Gas Week

EWN Publishing

Burma riots sparked by skyrocketing fuel prices, as govt overstates growth, oil/gas deals

Posted by gasweek on 5 October, 2007

Experts said the Burma Government’s mistake was raising fuel prices overnight on 15 August without first publicly explaining the increase or considering a phased-in price rise, as other Asian countries have done, wrote Aye Win in The Advertiser (29/9/2007, p.70).

Draconian policies: A similar misstep sparked the 1988 protests which the junta suppressed by killing thousands of demonstrators, just after the government increased the price of rice and voided the kyat currency, which left many with worthless money. “It is a policy that has been applied overnight in a draconian manner,” the United Nations humanitarian chief in Burma, Charles Petrie, said. “(The protests) are a popular expression of discontent because people do not have the cash reserves to absorb the shock.”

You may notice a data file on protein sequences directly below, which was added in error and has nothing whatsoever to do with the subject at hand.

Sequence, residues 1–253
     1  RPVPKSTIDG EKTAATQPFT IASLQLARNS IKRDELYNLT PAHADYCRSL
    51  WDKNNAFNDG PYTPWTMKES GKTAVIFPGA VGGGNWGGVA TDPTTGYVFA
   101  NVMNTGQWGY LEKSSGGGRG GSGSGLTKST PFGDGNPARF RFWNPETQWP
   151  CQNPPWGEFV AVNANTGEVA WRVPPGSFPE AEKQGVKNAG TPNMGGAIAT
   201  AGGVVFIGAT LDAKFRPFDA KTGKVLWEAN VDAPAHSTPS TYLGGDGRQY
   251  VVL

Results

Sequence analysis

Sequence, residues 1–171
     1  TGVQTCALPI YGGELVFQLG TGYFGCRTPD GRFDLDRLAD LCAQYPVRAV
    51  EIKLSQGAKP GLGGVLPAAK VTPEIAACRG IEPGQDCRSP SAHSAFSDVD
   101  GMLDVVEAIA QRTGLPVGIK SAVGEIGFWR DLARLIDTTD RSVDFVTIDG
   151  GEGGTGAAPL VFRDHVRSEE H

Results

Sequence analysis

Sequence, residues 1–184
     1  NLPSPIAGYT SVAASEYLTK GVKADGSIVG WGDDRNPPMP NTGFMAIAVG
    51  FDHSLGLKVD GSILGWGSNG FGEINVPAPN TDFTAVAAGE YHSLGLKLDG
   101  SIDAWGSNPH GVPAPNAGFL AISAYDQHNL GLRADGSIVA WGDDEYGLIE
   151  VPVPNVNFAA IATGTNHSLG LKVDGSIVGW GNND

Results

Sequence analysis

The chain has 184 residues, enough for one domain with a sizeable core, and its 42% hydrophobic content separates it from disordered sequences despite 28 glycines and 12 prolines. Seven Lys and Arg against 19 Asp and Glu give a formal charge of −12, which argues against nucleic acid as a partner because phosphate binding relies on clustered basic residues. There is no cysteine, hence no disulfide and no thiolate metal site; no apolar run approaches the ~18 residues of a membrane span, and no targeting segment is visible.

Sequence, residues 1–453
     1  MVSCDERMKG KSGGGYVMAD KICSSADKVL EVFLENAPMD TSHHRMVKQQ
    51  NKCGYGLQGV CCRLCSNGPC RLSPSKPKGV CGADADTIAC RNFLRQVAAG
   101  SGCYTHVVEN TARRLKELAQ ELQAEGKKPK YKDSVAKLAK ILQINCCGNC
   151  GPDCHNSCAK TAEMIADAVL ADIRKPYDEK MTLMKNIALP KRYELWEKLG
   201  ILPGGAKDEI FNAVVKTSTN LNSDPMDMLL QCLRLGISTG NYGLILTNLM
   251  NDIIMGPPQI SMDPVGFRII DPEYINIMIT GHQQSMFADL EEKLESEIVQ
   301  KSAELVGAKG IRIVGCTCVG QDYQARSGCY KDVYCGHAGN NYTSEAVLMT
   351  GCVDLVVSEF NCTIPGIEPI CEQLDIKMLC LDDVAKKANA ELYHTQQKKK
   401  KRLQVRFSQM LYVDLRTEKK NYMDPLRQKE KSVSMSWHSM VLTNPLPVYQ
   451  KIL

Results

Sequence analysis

Fuel prices skyrocket: The government, which held a monopoly on fuel sales and subsidises them, raised prices of fuel from 29c to 58c a litre for diesel fuel. Natural gas also increased as much as 500 per cent. With fuel price increases, the cost of such commodities as eggs, cooking oil and poultry have risen by an average of 35 per cent. The government defended the price increases as necessary to free-up funds for social programs. Many were walking kilometres to work to avoid paying higher bus fares. Others have begun selling furniture and household goods.

Overstating economic growth: “There are a lot of people who think they have nothing to lose,” Turnell said. On paper, the difficult economic conditions did not seem to gel with the upbeat government predictions of double-digit growth and announcements of oil and gas deals with Chinese, Thai and South Korean companies. Turnell and other Burma experts said the government overstated its economic growth and most of the oil and gas deals, worth an estimated $2.27 billion, were years from producing significant revenue.

The Advertiser, 29/9/2007, p. 70

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